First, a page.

Crime Writer Roger Silverwood on How to Plot a Thriller

Roger Silverwood is the creator and writer of the Inspector Angel mysteries. The eighteenth book in the popular series The Cheshire Cat Murders is out this month in hardback.

The only valid reason to write is because you want to. There is no golden way to success. It is not a luxury hobby or something to pass two hours on a wet Sunday afternoon. It is hard work, but persist, find the right market, and you have a chance of success.

Below I show you how you might structure (or plot) a story that could be quite chilling. This plot idea of mine was first published in WRITING NEWS and shortly afterwards in RED HERRINGS, the Crime Writers Association’s house magazine. Perhaps it might help you.

Firstly, I need a super ending; one that has to have lots of opportunities to produce chilling/interesting/mysterious/entertaining reading.

‘How about an amateur taxidermist who adores his dog so much that when the old pet dies, he stuffs it? Then his grandmother dies … He adores her too, so he stuffs her and puts her down the cellar. Then his mother, then his wife … It becomes so intriguing that he might (or he might not) go out at nights looking for subjects. Say the girl next door brings a parcel of cosmetics that the postman left, sees the light in the cellar and goes down there … he sees her looking … what does he do? The taxidermy is starting to get out of hand. I’d already decided that if I wrote this, it would be from my pet policeman character’s point of view.

‘The next important thing is to look for a motive. I wouldn’t pursue a storyline if I couldn’t find a strong, valid motive. A history and a fear of loneliness … can’t be away from his loved ones … memories of a super caravan holiday in Mablethorpe … it might work. I would need to fill out the storyline with more nostalgic reflections …

‘Then I’d add a subplot … say there is a woman, Nerissa, who fancies him. One afternoon he gave her a lift to a shop or paid for a cup of tea, or she tripped and dropped her shopping and he helped picking it up … momentarily touched her arm … something trivial. She thinks it’s serious. She cooks, brings him cakes, apple pies, offers to cut his hair … she’s always at the door … in the house …she won’t go away. She mustn’t discover his secret, how can he get rid of her? Is there only the one way?

‘I’d complicate the narrative by having another plot running. Say he used to be a policeman. The regular coppers will talk shop to him about the missing people, confide in him a little maybe … he can “help” them.

He realizes he’ll have to move the bodies, his house might be searched – very dangerous – he has to take them somewhere. It’ll have to be at night …

‘I would introduce another crime. Something close by, so that the “investigation” around him (or of him) possible. A serious traffic offence, fiddling the firm’s petty cash or something … also to provide red herrings.

‘Then I’d want a running tag. He’s driving the neighbours potty learning to play the violin. He keeps taking the exam and failing. Or he’s in the Slim Quick Slimmer’s club, competing hard to lose two stones and become slimmer of the year.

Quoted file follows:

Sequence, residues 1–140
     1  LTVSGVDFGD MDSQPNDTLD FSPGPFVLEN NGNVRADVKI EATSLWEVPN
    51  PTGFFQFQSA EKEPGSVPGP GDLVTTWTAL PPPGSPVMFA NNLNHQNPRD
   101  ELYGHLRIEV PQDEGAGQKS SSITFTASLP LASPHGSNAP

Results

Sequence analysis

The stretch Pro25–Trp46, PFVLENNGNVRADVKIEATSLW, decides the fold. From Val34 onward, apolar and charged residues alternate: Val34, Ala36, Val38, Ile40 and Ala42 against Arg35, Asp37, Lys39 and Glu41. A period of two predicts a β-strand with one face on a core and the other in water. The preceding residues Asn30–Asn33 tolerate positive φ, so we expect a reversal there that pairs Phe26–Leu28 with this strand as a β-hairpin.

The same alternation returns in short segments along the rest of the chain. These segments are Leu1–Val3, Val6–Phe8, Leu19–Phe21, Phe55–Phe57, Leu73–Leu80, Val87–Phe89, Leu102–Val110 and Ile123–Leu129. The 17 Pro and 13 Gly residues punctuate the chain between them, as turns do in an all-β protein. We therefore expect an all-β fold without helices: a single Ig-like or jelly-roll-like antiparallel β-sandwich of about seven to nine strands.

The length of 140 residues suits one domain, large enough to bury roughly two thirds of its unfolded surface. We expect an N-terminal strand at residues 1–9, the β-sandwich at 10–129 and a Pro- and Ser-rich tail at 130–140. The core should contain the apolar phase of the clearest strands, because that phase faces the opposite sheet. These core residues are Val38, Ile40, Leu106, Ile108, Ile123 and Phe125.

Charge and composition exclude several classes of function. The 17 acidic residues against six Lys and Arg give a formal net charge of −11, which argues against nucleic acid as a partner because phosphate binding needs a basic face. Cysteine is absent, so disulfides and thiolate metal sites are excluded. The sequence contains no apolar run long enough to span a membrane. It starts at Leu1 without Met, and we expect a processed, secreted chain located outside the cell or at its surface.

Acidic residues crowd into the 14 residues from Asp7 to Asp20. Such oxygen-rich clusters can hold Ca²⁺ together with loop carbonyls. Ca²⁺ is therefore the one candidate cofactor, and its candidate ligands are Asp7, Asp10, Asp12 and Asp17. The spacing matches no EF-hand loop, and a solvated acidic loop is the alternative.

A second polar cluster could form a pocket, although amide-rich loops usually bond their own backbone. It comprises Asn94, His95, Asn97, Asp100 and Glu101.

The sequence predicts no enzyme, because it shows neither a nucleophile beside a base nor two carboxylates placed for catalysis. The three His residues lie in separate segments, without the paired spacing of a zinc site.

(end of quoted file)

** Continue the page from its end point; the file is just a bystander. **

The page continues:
‘All that, is what I know as the writer. Now I have to look from the perspective of the reader (and my pet policeman character).

‘The plot would be fed out to the reader in dribs and drabs … people keep disappearing, lots of chemical, wax, cosmetics and unusual substances are being delivered to number 17 Cheyne Walk. A man annoying his neighbours by playing the violin. Funny smells from the cellar. He says he’s varnishing his violin to improve the tone. Neighbours say they saw his wife in the front seat of his car. He says she’s gone back to her mother.

‘Although they can’t find a single body, the police interrogate him … the answers are not acceptable. They interrogate him again. He can’t answer them satisfactorily. He is arrested. He is eventually tried and found to be insane and sent to Broadmoor. Then the authorities learn he has passed the violin exam, or won the Slim Quick prize.

‘The last lines of the final page of the book might read like a newspaper report:

A Mablethorpe caravan site owner was treated for shock after he found five dead bodies and a dog in a static caravan round a table like a family tea party; they were all wearing excessive make-up.

Will it work as a book? Is it too far fetched? Would it make a good read? I wonder … There is still a lot of work, research and rewrites to do before I finish, celebrate with a bottle of champagne and vow it’s the last book I’ll ever write.

The next day I’ll start another. It’s agony, but I like it.

Actually, after much deliberation, I decided not to go ahead with this plot because I couldn’t make an Inspector Angel story out of it, and everybody wants me to write about him. I gladly forsake the copyright to any reader who wants to take the plot and write a book round it. Why don’t you have a go?

– Roger Silverwood

Previously Published in: Red Herrings/Writing News

Copyright: Roger Silverwood

The Cheshire Cat Murders is available to pre-order now in hardback.

The Snuffbox Murders is out now in ebook.

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One thought on “Crime Writer Roger Silverwood on How to Plot a Thriller

  1. Such a pity you aren’t going to write that story. I loved it, in fact it made me laugh and I could see much humour in it, or was that you? It’s so grim it needs humour. Think again.

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